A teacher who slipped while avoiding a slice of HAM and another who tumbled on a pen lid are among dozens of bizarre compensation payouts made by schools, it emerged yesterday (Weds).
The teacher scooped £17,000 after side-stepping the meat slice on the dinner hall floor and slipping on “something gooey”.
One council had to shell out £83,000 after an eight-year legal battle over a teacher who tripped on a football net.
The payouts are among £150,000 paid by councils in the Bristol area for school compensation claims.
Matthew Sinclair of the TaxPayers’ Alliance said: “Education chiefs must resist the creeping compensation culture that is to be found in too many schools these days.”
South Gloucestershire Council found itself embroiled in an eight-year legal battle of the football net fall which ended in a four day court hearing.
The teacher got his foot caught in a loose goal net and was demanding £30,000 in compensation – but was handed just £619.50.
But because the council was judged to be partly to blame for the accident it was forced to pay £82,070 in legal fees, including the cost of the claimant’s solicitors.
The money was paid in 2011-12, eight years after the accident at the undisclosed South Gloucestershire school in 2004.
Council spokesman Dominic Moody said: “The council contested the claim on the basis that the teacher had been negligent of their personal health and safety.
“The judge found that not only was the claimant 50 per cent responsible for their own accident but the injuries were far less serious than claimed, resulting in a compensation payment of only £619.50, significantly less than the £30,000 originally claimed.
“The bulk of the costs were the claimant’s solicitors’ fees which, in spite of our success in the case, were awarded, in their entirety, against the council.
“Under the old regulations, the costs followed the case, regardless of contributory negligence being found on the part of the claimant.
“This particular case ran for eight years with four days in court, hence the high level of costs, and, as the council were found contributory negligent, the costs were awarded in their entirety against the council.”
He added that reforms introduced at the end of July this year meant that in future cases, such “disparity of costs compared to damages” should not happen again.
North Somerset Council has dealt with 35 claims made by teachers, support staff and pupils between 2008 and 2013 relating to incidents in its schools.
A teacher at Backwell School, in Backwell, won £17,000 in compensation after she sidestepped a piece of ham on the floor in the lunch hall but then slipped on “something gooey”.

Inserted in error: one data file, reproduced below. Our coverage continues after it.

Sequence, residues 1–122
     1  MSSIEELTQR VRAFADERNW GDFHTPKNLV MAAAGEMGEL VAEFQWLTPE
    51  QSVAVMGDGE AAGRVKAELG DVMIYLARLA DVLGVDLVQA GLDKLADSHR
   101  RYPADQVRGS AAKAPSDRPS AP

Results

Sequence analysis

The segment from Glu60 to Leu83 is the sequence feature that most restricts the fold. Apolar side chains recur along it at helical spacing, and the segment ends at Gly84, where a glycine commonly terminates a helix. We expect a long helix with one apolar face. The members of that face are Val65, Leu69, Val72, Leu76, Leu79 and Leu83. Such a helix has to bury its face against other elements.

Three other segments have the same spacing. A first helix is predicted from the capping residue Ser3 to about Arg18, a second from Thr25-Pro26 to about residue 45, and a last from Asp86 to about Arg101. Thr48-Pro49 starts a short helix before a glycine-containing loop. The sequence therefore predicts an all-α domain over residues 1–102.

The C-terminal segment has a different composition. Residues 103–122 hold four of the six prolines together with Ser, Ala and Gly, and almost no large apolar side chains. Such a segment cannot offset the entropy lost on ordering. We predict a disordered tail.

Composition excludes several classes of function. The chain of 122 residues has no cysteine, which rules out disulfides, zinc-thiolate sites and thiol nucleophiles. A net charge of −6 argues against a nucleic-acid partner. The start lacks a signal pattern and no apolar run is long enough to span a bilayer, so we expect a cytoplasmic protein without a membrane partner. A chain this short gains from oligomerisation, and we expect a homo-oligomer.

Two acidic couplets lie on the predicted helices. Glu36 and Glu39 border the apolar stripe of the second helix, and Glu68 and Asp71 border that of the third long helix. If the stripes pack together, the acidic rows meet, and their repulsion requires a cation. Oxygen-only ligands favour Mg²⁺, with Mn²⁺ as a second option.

At St Katherine’s School, in Pill, a pupil was awarded £15,719 after he cut his knee open on a protruding paving slab.
The youngster was running towards the school’s playing fields with his classmates to play rugby when he slipped on wet leaves and fell down a grass bank.
A pupil at Worle School, Weston-super-Mare, was awarded £9,666 after he slipped on a wet floor in his tutor room and landed on his elbow, causing it to fracture.
At St Martin’s School, in Worle, a pupil was handed £12,442 after suffering burns to one of their arms while working with a teacher to build a wooden rocket.
The youngster said the teacher had refilled a glue gun and pumped it, causing the substance to drip on to the unnamed pupil’s arm, causing burns.
Other recent claims in South Gloucestershire include one by a teaching assistant who fractured her foot after catching her shoe on an uneven playground surface while loading waste into a skip.
In February 2011, she received £2,800 in compensation and the council had to pay a further £7,500 to cover the claimant’s legal fees.
Bristol City Council said it could not supply details of compensation claims made by teaching staff and students in the last few years because it could lead to the disclosure of personal data,
Hilda Kalap, spokeswoman for the authority, said: “We have only had one successful compensation claim made by teaching staff against the council over the last five years.”
The total claimed by tripping teachers and slipping students in Bristol, North Somerset and South Gloucestershire was £148,127.
Matthew Sinclair of pressure group TaxPayers’ Alliance said: “Education chiefs must resist the creeping compensation culture that is to be found in too many schools these days.”
But NASUWT teaching union general secretary Chris Keates said: “It is a myth that compensation is easy to obtain.”